One of the things I want to do with this blog is help people understand down to the nitty gritty how to use miles and points to make travel possible. I’ve read a number of blogs where I’m constantly asking myself, “how in the world does that person afford to do this?”, so I want to be as transparent as possible as to how I’m traveling. For all of my future trips, I’ll try to show how I accumulated the miles or points, what the booking process was, and how much I actually spent.
So for my 85k Alaska miles (now 115k with the 30k from my most recent round of credit card apps), here’s the breakdown of how I accumulated them:
- ~25k: Sign-up bonus from the Alaska Airlines credit card in October of 2012
- ~25k: Miles from my flights to/from South Africa on Emirates (SFO-DXB-CPT, DUR-DXB-SFO). This was right after the partnership was announced, so even though I was on a cheapo 50% mileage-earning fare, they offered double miles on flights, so I ended up with a full 25k from this trip.
- ~5k: Miles from my Emirates flight on my trip around the world (DXB-LHR). Since I was booked in first class, I earned 1.5 miles on this segment.
- ~3,750: Miles earned from 3x miles on everyday spend on my Alaska Airlines card. I received this offer for Q3 where I earned 3 miles per dollar spent (capped at 2,500 bonus miles) at gas stations, grocery stores, drug stores, and restaurants. Almost the entirety of my spend during this period was at CVS.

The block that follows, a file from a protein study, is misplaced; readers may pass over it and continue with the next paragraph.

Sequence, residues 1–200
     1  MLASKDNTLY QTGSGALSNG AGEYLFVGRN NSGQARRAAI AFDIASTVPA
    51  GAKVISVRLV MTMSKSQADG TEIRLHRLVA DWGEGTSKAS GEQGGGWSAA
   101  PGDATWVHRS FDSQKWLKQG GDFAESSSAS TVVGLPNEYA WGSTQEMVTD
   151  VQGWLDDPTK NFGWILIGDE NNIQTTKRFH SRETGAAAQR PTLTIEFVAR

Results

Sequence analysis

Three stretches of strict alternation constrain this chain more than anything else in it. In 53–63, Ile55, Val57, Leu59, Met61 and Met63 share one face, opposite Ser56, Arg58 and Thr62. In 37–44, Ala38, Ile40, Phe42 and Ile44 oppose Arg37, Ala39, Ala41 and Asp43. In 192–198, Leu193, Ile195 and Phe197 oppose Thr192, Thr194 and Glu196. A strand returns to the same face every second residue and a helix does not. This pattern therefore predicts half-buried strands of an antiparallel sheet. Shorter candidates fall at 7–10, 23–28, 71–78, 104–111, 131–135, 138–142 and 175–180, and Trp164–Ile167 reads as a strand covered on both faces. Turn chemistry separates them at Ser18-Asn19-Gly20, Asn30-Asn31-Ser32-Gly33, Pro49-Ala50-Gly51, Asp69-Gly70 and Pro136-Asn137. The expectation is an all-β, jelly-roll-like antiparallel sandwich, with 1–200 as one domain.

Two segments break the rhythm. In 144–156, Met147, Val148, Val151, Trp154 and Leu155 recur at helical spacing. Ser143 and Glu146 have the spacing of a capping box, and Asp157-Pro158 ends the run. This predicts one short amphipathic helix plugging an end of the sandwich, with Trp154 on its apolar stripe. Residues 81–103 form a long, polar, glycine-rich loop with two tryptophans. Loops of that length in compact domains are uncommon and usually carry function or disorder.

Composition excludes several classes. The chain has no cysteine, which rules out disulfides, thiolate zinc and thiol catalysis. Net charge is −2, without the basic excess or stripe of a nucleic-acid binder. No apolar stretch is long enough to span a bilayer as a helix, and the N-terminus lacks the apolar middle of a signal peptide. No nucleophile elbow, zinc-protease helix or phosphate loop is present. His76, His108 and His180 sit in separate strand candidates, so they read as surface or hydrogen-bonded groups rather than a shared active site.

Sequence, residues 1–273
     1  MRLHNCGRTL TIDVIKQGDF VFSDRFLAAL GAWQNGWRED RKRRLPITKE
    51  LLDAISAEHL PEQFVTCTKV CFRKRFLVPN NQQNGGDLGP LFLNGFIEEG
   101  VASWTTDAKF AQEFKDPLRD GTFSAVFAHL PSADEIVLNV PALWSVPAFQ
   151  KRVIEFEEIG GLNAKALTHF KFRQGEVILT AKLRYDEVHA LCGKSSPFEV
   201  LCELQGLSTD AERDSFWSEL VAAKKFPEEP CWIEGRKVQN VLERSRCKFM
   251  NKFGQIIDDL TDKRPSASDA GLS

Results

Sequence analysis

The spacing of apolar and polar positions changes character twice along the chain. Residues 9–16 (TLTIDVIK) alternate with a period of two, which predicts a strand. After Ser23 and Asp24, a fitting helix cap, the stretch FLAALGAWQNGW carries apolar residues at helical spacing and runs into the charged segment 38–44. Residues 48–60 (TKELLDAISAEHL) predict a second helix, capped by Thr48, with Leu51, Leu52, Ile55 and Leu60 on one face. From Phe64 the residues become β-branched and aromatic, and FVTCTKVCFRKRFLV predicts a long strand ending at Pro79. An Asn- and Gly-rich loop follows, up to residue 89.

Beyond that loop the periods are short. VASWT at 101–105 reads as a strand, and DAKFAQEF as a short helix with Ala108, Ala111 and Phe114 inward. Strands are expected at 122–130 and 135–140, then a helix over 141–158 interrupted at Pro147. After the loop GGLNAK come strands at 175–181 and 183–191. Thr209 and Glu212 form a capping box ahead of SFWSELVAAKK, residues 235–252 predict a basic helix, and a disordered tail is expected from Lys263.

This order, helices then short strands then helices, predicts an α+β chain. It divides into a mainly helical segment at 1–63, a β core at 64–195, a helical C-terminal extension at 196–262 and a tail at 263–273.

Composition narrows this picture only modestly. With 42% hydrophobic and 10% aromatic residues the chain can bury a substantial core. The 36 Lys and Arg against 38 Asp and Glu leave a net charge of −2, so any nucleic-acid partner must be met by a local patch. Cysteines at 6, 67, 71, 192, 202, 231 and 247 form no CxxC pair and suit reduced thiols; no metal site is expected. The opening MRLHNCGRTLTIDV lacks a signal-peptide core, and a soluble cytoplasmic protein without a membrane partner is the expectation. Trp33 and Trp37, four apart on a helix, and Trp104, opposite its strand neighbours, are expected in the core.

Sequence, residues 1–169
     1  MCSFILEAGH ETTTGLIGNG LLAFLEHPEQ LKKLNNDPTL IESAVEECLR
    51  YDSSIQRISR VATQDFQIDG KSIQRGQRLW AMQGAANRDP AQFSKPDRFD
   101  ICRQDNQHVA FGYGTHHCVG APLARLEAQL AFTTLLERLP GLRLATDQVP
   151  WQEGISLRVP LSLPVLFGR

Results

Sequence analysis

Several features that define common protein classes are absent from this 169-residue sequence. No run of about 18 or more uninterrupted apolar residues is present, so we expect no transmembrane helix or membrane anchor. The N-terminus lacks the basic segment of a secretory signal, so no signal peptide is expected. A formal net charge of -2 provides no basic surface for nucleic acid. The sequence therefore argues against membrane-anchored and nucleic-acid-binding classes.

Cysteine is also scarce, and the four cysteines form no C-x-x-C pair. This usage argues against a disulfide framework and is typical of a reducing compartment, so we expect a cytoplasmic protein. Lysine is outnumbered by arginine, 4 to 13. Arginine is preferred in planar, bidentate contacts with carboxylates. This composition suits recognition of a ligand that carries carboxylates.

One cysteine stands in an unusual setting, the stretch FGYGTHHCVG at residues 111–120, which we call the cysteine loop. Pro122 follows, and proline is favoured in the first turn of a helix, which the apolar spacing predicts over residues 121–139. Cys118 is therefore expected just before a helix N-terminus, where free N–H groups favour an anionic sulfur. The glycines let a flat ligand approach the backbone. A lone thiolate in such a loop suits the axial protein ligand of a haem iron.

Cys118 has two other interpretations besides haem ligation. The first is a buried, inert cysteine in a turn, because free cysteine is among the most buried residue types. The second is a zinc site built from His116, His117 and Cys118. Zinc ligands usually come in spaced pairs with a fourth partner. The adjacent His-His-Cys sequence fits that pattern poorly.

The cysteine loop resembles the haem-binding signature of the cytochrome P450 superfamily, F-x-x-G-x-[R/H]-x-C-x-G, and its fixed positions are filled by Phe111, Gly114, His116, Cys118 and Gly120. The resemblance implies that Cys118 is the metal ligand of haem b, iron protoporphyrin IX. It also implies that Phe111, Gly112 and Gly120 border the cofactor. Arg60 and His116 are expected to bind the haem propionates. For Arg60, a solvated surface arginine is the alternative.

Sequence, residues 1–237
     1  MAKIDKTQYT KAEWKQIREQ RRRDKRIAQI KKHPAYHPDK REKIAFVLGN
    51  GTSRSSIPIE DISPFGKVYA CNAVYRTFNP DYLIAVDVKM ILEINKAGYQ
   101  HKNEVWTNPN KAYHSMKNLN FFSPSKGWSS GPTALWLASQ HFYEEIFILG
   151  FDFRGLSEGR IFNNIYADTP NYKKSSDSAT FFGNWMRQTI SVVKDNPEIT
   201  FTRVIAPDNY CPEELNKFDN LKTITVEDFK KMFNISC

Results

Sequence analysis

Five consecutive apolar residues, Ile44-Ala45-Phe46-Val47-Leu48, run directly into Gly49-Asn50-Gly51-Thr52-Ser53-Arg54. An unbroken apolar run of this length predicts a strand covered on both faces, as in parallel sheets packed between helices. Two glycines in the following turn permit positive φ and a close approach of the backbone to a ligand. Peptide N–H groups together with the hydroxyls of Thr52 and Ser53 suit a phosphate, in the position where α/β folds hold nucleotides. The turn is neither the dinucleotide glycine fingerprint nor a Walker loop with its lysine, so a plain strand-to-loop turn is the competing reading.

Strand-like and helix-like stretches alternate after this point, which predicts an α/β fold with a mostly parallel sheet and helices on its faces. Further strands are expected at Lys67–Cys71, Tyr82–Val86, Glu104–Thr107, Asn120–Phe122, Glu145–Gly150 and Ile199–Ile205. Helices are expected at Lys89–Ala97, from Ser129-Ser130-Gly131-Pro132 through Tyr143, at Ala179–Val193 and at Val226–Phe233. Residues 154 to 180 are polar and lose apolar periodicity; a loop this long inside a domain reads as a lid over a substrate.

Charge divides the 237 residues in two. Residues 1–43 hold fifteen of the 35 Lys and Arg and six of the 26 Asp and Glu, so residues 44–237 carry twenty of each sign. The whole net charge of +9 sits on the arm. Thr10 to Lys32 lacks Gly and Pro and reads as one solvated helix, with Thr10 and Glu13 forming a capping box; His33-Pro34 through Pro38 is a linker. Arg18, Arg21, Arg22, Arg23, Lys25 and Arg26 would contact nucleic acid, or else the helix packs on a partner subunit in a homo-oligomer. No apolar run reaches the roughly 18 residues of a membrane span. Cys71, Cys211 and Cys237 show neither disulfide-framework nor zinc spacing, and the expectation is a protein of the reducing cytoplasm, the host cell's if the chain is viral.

- ~1,000: Miles earned from booking flights for myself and a friend to Portland using my Alaska Airlines credit card, which earns 3x miles on Alaska Airlines airfare purchases.
- ~25k: These miles came from a number of years of accumulating miles from Alaska, Delta, and American flights when I grew up in Seattle and before I was into miles and points.
The easiest way to accumulate Alaska miles (besides flying) is to apply for the Bank of America Alaska Airlines credit card. It’s one of the few credit cards which is still truly churnable (as in, you can apply for the exact same credit card multiple times and get the sign-up bonus each time), so even though the bonus is usually only 25k miles and comes with a non-waived first-year annual fee of $75, it can still be worth it if you’re looking at certain redemptions. There’s the added bonus of having potential increased mileage earning if Bank of America decides to run more bonus miles opportunities like the one I received in Q3. That being said, if you don’t ever credit flights to Alaska, you’re looking at 4 credit card apps to get to 100k miles for a first class one-way redemption on Emirates, which is definitely doable (especially if you have a particularly aggressive apply-every-3-months credit card strategy), but it’s slow going. You can also transfer points in from SPG, but those points are also hard to come by.